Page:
Outside the court building, Toni and Pero had been besieged by a phalanx of reporters and cameramen who followed them until they reached their car. Another group waited outside her apartment house.

          ‘Please come up for a while,’ Toni sighed, ‘I’m exhausted... really I think I need a double whiskey ... perhaps you do too... something to calm our nerves, dear Pero, and to forget about that woman slobbering all over me.’ 

          At her flat she excused herself and when she returned Pero had poured out two stiff drinks.

          ‘Do you think he’ll be all right now?’ Toni asked, ‘I’m so worried...’

          ‘Saadi’s uncle assured me nothing will happen to him,’ Pero said confidently. ‘He seemed to think the Ministre d’ Interieur had persuaded the police to release that tape - which absolves us.  He isn’t really blaming us... but I told him as soon as Radouan was free we’d have a meeting and decide what we can do for them... they know you have deep pockets and suspect Radouan’s will be even deeper.’

          ‘What we’ve done for him has saved his niece,’ Toni said grimly, ‘… wretched woman and the reputation of their family... I shouldn’t think we’d have to do much more but I know we will.  I doubt the MI tried to influence the Marrakech police about that tape, though.’

          ‘They didn’t need to. Their mere presence was enough to frighten everyone.  And the fact that we must have known of its existence,’ Pero smiled mischievously, ‘they can’t quite untangle that one, but they’re impressed. When they couldn’t find out who our contact was they assumed it was the MI.’

          ‘You talked to him, to the uncle, for such a long time,’ Toni chuckled, ‘really; I was at my wits end trying to think of what to say next.’

          ‘Her uncle, he couldn’t resist trying to appeal to me that as a fellow Moroccan I should assist him in trying to swindle you when it came time to negotiate with them... promised to split the proceeds fifty-fifty.’

          ‘That’s very interesting … not unexpected, I suppose... Come to think of it perhaps you should accept his offer. He’ll think you’re a friend; you can return it to us later and be a mole in their organization...  Radouan won’t like it, he’d rather drive them out of town, but he will have to learn when you have money you must be devious as well as generous.  He’s much too headstrong... must learn how to be more oblique... thinks he’s really clever because he’s an Arab and Arabs are supposed to know all the tricks... but we British... let me tell you, sometimes I think we’re the most devious people on the planet... When Radouan realizes how rich he’s going to be he won’t quibble about paying off...’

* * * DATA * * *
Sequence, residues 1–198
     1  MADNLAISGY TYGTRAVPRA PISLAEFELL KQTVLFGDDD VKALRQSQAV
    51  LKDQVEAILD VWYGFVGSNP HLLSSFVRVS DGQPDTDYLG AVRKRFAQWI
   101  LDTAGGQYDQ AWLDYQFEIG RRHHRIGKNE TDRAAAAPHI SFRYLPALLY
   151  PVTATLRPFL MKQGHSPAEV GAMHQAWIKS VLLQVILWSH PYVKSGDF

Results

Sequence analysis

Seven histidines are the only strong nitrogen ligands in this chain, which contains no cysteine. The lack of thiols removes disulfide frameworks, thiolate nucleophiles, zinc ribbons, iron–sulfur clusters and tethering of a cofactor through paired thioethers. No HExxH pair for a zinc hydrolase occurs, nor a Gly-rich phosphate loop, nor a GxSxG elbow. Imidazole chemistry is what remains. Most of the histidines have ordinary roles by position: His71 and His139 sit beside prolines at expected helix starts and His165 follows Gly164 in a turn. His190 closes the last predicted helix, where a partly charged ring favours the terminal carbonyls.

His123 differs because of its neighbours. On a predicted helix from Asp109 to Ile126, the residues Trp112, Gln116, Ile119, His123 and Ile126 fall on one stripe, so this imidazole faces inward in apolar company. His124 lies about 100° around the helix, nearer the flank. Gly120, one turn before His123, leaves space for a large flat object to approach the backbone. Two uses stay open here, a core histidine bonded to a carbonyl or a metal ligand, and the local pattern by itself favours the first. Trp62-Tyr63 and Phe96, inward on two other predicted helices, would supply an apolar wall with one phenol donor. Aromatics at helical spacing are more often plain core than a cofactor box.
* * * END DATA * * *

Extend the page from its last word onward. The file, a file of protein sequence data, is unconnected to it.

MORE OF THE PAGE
Impressed by her cleverness, Pero laughed. ‘Oh yes he will, believe me, it’s not the money, it’s loss of face ... why should he have to pay to get them off his back... you will see, he will wait and wait and finally he will destroy them.’ 

          ‘I know, but right now let’s be realistic … they’re a powerful clan.  Radouan sees himself a desert warrior, riding into battle ... that’s his madness… what Francesco finds so amusing.  But since we have the money it’s far easier to pay... call it blood money if you will...’

          ‘This is assuming we win...’ Pero replied.

          ‘Is there any doubt?’ She touched glasses with him, ‘I thought we had won.’

          ‘I don’t think it’s going to be as clear cut as you think....’

          ‘You mean because Moulay could be the Patron’s son too... I can’t believe it.’

          ‘The Idrises are Chorfas.  The mother’s blood line doesn’t count for much... the male line carries the blood of the Prophet Mohammed. But Moulay’s mother the maid was Moroccan, the Baroness was not... so in a way Moulay might be more of a Cherif than Youssef.’

          ‘And Chorfas are above the law?’

          ‘Somewhat... really, THEY ARE THE LAW!  Chorfas are often considered to be beyond the law because they have inherited the instincts and purity of early Islam from their pious and learned ancestors - an almost magical idea... the Mahdi, Prince of Islam, that sort of thing.’

          ‘And what does this have to do with Moulay poisoning Youssef?’ Toni asked.

          ‘It could be seen as God’s will.  Since there is no proof, it could be argued that the real Youssef was invaded by some evil djinn - God’s punishment for the Patron’s adulterous behavior.  Perhaps the Patron’s wives did some maji to make Moulay and Youssef fight; maybe they hired a Marabout to do maji against the Patron... to ruin his life. One never knows!  So these are all things which the Judges will be considering... it’s in their blood to do so. Islamic Law, Sharia, is not standardized or simplistic like Roman law; it’s filled with exceptions, and profound insights into human behavior based on thousands of years experience.  It’s your English way of thinking, based on Roman law, that’s not logical... yet in many ways perhaps it’s more practical.’

          ‘Dear Pero, I’m so lucky to have had you by my side through all this,’ Toni sighed and smiled as if really seeing him for the first time... ‘What would I have done?  I’m sure I’d have hired the first fixer who came along and probably botched the whole thing... I’ll never be able to thank you enough.’

          ‘You don’t have too,’ he held her hands, ‘believe me I’m happy to have been in the right place at the right time, and it seems to have improved my chances of having a good practice here in Morocco. My family is very pleased.’


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©Elwyn Chamberlain 2006